TIMELY REMINDER OF THE RISK IN CLOSING PIT LANE

STORY: WILL DALE
IMAGES: SUPPLIED, AN1 IMAGES (DIRK KLYNSMITH)

WITH Supercars team strategists preparing for the reintroduction of the rule that closes pit lane under Safety Car periods, the IndyCar Series just served up a timely reminder of what can go wrong.

The WD-40 Phillip Island SuperSprint will see pit lane closed as soon as the Safety Car is deployed in a bid to improve safety for crews by reducing the congestion that ensues when the bulk of the field tries to pit at the same time.

IndyCar closes the pits when a Pace Car period is initially called, and there have been many occasions in recent seasons where it has thrown a spanner into the leading teams’ race strategy.

Will Power is the most recent victim.

The 2018 Indianapolis 500-winner dominated IndyCar’s inaugural visit to the Circuit of The Americas last weekend, only to be felled by a late full course yellow period.

The first three cars of Power, Alexander Rossi and Scott Dixon had yet to complete their final pit stops when the pace car came out. The pits opened once the field had formed up behind it, allowing eventual winner Colton Herta and a host of other cars past while the former leading trio made their final pit visits.

Power didn’t make it back out – he broke a driveshaft trying to leave his pit box and retired on the spot – and had plenty to say about closing the pit lane under yellow.

“I’m massively disappointed man,” Power said.

“You lead so many laps and work so hard to put yourself in position. If the yellow didn’t get us the driveshaft did.

“I hate the way the series does this pits closed BS. You can be the best guy out there, lead all day, the yellow can fall, and someone can just fall into a lottery.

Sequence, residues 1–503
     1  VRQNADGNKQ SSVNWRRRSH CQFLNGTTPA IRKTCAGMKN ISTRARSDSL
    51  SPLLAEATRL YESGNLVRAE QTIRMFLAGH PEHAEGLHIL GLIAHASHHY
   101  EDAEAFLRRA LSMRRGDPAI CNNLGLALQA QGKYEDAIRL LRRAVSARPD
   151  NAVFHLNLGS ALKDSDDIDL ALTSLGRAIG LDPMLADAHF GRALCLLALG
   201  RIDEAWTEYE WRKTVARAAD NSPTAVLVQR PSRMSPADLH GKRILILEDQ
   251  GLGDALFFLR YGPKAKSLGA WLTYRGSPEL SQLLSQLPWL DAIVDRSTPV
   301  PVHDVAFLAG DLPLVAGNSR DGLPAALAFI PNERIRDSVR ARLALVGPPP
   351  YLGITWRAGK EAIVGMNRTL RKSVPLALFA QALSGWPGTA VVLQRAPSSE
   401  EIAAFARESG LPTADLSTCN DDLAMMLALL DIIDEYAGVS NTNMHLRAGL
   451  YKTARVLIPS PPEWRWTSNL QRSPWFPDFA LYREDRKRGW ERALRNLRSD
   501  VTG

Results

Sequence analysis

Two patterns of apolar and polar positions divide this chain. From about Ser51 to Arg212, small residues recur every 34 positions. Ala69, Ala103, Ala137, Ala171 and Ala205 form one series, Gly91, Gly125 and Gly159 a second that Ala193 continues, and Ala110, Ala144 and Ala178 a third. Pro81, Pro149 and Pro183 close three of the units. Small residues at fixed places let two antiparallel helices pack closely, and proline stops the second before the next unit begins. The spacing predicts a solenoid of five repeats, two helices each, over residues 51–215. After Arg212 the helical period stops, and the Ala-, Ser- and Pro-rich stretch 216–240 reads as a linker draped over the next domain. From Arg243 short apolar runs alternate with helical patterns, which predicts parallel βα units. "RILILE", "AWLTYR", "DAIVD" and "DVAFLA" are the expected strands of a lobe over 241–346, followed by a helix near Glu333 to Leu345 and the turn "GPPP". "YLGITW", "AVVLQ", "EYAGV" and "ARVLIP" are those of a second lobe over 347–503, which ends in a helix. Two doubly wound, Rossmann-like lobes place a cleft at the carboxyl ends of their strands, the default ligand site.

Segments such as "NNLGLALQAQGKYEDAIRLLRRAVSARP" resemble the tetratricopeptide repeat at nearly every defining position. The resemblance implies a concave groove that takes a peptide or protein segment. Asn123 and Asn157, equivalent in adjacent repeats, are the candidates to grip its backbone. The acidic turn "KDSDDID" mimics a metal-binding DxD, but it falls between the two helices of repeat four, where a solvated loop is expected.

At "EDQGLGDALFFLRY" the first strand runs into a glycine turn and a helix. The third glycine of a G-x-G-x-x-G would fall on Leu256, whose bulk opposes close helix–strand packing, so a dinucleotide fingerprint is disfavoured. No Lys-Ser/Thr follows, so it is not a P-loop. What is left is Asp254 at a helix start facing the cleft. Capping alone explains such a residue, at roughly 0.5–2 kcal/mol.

“It’s the only series in the world that does it this way and it needs to change.”

Glenn Seton probably remembers just how Power feels. So too Craig Lowndes.

Supercars has previously closed the pit lane under Safety Car with the same intention of improving safety for crews. This happened most recently in 2001, when both Seton and Lowndes lost potential wins.

Seton, his then-Ford Tickford Racing teammate Steven Richards and 12 other cars were all caught out in Race 1 at Eastern Creek that year when a Safety Car came out soon after the mandated pit stop window opened.

Every team had clearly paid attention to the price Seton et al had paid: 19 cars came into the pits when the window opened for Race 2, and another 10 cars pitted a lap later…

Lowndes found himself in a similar boat while leading in the final race of the Canberra 400, having completed only a fuel stop when the Safety Car appeared while all the other key runners had completed both the compulsory fuel and tyre stops.

At the moment Phillip Island will be the only round in 2019 to feature the rule, the event chosen due to the narrowness of the circuit’s pit lane.

After running to a two race 500km format in recent seasons, the 2019 event will follow the SuperSprint format of a short Saturday race and longer Sunday race, both with compulsory pit stops.

The pit window for the Saturday race opens on Lap 5 of 27.